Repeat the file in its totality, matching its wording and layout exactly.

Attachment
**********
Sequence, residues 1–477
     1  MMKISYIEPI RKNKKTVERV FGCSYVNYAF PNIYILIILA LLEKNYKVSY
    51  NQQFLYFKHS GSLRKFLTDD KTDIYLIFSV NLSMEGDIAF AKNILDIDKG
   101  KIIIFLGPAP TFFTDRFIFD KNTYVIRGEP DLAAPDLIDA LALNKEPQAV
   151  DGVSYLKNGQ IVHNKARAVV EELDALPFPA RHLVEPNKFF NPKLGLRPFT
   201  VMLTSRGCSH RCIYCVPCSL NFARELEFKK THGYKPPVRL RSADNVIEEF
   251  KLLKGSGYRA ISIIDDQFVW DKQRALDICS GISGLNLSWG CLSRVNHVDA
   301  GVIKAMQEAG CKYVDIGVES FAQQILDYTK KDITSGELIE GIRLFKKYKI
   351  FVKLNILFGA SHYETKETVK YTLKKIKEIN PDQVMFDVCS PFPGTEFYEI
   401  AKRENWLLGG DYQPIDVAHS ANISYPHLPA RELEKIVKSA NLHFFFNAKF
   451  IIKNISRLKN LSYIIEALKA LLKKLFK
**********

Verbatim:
Sequence, residues 1–477
     1  MMKISYIEPI RKNKKTVERV FGCSYVNYAF PNIYILIILA LLEKNYKVSY
    51  NQQFLYFKHS GSLRKFLTDD KTDIYLIFSV NLSMEGDIAF AKNILDIDKG
   101  KIIIFLGPAP TFFTDRFIFD KNTYVIRGEP DLAAPDLIDA LALNKEPQAV
   151  DGVSYLKNGQ IVHNKARAVV EELDALPFPA RHLVEPNKFF NPKLGLRPFT
   201  VMLTSRGCSH RCIYCVPCSL NFARELEFKK THGYKPPVRL RSADNVIEEF
   251  KLLKGSGYRA ISIIDDQFVW DKQRALDICS GISGLNLSWG CLSRVNHVDA
   301  GVIKAMQEAG CKYVDIGVES FAQQILDYTK KDITSGELIE GIRLFKKYKI
   351  FVKLNILFGA SHYETKETVK YTLKKIKEIN PDQVMFDVCS PFPGTEFYEI
   401  AKRENWLLGG DYQPIDVAHS ANISYPHLPA RELEKIVKSA NLHFFFNAKF
   451  IIKNISRLKN LSYIIEALKA LLKKLFK